On Friday I gave you a bit of a tricky mystery object:
Jackashby spotted that the skull is from a bat and Rob Hinkley did a bit of research while on a trip to the Horniman and was able to identify what the specimen is labelled as. Apparently it’s a Lesser Spear-nosed Bat Phyllostomus elongatus Geoffroy, 1810.
However, looking at images of skulls on the excellent Animal Diversity Web resource by the University of Michigan Museum of Zoology, I have some reservations about this identification. The rostrum (nosey snouty bit) is shorter and more rectangular than I would expect for a Lesser Spear-nosed Bat, which is more tapered and triangular in the University of Michigan Museum of Zoology specimen shown below:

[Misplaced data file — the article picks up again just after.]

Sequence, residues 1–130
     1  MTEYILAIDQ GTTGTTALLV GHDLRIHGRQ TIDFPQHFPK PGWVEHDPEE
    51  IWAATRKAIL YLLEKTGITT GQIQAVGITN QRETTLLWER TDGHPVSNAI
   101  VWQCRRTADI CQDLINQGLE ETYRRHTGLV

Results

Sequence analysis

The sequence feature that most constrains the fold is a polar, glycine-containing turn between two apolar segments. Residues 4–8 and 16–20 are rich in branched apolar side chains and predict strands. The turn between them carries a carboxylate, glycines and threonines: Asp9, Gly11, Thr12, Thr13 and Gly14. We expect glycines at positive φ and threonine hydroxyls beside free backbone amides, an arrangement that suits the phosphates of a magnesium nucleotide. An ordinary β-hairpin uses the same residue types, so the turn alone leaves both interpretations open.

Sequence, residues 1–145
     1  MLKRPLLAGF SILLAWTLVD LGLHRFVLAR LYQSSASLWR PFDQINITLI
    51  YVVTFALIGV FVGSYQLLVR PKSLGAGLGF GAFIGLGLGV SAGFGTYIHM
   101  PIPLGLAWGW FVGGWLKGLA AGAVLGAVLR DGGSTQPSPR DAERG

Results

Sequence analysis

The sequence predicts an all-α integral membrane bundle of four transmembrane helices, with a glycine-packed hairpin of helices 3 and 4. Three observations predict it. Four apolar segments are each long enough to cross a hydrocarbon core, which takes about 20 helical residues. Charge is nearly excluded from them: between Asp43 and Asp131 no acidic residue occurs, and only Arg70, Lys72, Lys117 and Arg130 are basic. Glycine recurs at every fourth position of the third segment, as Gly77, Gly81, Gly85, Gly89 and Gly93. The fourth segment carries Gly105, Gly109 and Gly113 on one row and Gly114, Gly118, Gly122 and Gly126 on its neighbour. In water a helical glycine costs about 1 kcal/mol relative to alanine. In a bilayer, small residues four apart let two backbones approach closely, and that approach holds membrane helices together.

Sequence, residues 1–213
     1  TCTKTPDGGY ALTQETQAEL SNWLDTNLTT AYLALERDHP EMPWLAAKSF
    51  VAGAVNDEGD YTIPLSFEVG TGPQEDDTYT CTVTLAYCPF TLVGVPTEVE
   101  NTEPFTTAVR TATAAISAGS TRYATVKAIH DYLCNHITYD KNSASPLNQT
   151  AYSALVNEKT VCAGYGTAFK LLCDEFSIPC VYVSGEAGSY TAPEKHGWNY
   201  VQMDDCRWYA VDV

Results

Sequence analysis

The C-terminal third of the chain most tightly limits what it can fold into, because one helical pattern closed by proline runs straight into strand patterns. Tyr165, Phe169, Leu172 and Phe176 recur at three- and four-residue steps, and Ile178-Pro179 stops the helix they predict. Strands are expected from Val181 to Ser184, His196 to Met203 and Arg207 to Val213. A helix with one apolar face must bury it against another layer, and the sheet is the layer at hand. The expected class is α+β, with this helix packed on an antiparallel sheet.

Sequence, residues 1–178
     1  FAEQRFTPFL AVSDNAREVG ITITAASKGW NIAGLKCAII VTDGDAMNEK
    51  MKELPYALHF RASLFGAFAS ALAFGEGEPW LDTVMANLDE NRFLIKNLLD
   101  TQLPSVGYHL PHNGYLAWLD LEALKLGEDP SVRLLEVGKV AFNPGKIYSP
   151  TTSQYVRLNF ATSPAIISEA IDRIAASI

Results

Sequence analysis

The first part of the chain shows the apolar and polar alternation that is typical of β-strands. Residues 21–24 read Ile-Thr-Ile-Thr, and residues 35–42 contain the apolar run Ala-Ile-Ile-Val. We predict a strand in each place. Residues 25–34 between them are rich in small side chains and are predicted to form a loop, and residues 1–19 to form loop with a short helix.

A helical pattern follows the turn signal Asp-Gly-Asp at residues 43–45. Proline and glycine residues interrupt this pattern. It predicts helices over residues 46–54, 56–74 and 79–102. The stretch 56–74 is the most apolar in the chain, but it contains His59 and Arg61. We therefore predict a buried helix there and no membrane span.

In fact, to me it looks more like the skull of the Great Fruit-eating Bat Artibeus lituratus Olfers, 1818:
Or maybe the Short-headed Broad-nosed Bat Platyrrhinus brachycephalus Rouk & Carter, 1972:
In order to decide I’ll need to dig out the published descriptions of all of the possible species and take a careful look at the specimens. I think that the Short-headed Broad-nosed Bat may be a good match, partly because of the size, but also because the species was only described in 1972 and the specimen we have on display has probably been there since the 1930’s and has been misidentified since it came into the museum.
Something fun for me to check out and a great illustration of how our understanding of biology changes over time, with new species being recognised long after specimens have been collected.
A bat! I didn’t even suspect it would be a bat. Just goes to show how much I depend on a side view of the teeth when making my guesses. Another fun mystery object, as always. 🙂